In some of the Figures of the drawings which will be subsequently referred to herein, similar components are referred to as described in conjunction with the previous Figures embodiments except they are "primed" or "double primed." Referring to FIG. 14 there is shown an alternative catch means for the lateral edge portion 42. It will be seen that there is a beveled wall 79 extending from end wall 29' with wall 79 engaging edge surface 48 to snuggly hold the lateral edge portion 42 between it and the tooth 58'. Note that the positions of the tooth 58, and the projection 60' are reversed. While no opening is shown through the frame portion 31' for insertion of the tool 65, this could be provided if desired.
FIGS. 10 and 11 illustrate an alternative embodiment generally 70 which will utilize similar end caps 12' and 13' as previously indicated for embodiment 10. Instead of two top panels such as 21 and 22 in embodiment 10, there are provided three panels 71, 72 and 73. In this instance, the panels 71 and 73 are the same size, with panel 71 being secured to the end caps 12' and 13' by the latch members 51' and 52'. When it is desired to utilize this container for display purposes, the panel 71 would be unlatched from the latch members 51' and 52' with the top panel 71 being folded upwardly as well as the panel 73 to a position shown in FIG. 11. The attachment between the semiflexible body 11' and the end caps 12' and 13' is the same as depicted in FIG. 5 for embodiment 10. Note also the attachment of the panel 72 to the end caps 12' and 13' as indicated by the cut out portions 56' and the extension of the flange portion 37' to provide a channel such as 39 and the previously described catch means in the top of the container.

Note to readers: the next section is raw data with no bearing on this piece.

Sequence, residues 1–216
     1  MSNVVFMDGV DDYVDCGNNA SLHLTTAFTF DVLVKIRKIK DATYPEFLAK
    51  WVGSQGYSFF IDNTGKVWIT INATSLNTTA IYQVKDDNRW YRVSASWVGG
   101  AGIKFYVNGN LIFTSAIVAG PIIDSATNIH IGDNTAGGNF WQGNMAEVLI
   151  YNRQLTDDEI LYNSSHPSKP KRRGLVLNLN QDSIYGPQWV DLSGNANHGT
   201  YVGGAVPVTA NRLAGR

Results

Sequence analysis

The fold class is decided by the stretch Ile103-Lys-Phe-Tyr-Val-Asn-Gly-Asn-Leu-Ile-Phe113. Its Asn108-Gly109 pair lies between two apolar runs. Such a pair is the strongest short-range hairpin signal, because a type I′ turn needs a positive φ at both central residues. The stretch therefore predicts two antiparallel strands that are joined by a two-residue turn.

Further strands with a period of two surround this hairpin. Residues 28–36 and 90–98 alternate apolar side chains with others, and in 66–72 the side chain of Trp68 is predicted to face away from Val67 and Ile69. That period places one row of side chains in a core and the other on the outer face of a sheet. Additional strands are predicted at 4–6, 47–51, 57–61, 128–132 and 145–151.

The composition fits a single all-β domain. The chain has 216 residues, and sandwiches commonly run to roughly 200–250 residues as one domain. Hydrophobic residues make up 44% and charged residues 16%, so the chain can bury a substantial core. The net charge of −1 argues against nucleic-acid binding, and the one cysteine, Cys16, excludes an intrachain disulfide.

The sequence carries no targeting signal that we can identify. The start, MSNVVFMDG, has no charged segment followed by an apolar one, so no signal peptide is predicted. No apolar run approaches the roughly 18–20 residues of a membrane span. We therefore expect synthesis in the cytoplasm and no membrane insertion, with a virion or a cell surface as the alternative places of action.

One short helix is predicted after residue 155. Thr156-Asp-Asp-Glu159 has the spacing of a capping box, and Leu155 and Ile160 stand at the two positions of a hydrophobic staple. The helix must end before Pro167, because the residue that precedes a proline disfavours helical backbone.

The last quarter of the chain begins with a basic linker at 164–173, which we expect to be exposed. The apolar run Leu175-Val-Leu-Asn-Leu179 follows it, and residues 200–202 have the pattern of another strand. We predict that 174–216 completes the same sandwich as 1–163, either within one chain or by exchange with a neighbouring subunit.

FIGS. 12 and 13 illustrate alternative end walls for the end wall 29 shown in conjunction with the end caps 12 and 13. In the instance of end wall 29', it has a plain surface side 74 and an opposing undulating surface 75. This is the preferred end wall configuration. In compression testing it was found that a panel with this wall could withstand a compression force of 2100 lbs. It should also be pointed out that the same panel without the wall 29 and just the frame 31 could withstand a force of 1800 lbs. This wall embodiment is also preferred because it presents a flat surface for printing. With respect to end wall 29" it has two opposing undulating walls as represented by the numerals 76 and 77. Both end walls 29' and 29" could be used in either embodiment 10 or 70 in the end caps 12 and 13 which are shown with two opposing smooth wall surfaces. The undulating surfaces offer the advantage increased strength for a given wall thickness. The dual undulating surfaces 76 and 77 offer twice the advantage in this respect. A disadvantage of the dual undulating surface is that it does not provide a surface that lends itself to easy printing for information purposes.